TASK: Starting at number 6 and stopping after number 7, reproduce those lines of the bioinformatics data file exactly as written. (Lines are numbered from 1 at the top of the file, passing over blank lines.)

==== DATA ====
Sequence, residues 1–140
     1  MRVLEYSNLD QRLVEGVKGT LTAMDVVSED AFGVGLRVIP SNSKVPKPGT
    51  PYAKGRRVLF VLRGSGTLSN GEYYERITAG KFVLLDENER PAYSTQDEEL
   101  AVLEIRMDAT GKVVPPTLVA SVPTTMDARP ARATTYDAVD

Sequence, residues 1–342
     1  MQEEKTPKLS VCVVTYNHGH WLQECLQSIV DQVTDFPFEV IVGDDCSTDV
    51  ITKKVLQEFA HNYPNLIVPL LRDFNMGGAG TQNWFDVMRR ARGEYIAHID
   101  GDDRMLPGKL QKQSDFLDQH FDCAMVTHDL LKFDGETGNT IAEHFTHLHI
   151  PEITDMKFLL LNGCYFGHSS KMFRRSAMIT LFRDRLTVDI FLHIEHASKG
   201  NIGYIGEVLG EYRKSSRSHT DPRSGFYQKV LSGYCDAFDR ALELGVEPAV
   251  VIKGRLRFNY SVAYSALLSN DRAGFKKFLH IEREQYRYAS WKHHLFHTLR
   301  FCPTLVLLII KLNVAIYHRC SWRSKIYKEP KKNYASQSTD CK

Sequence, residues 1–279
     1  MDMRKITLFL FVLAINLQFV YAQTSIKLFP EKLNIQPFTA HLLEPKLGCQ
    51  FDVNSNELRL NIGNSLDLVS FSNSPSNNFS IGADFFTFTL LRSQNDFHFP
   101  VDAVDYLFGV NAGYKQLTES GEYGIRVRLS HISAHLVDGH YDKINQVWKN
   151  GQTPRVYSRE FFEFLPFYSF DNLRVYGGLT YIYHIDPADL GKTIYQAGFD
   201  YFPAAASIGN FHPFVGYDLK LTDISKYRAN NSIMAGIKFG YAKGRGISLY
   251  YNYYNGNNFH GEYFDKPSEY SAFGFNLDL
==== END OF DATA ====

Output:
     1  MQEEKTPKLS VCVVTYNHGH WLQECLQSIV DQVTDFPFEV IVGDDCSTDV
    51  ITKKVLQEFA HNYPNLIVPL LRDFNMGGAG TQNWFDVMRR ARGEYIAHID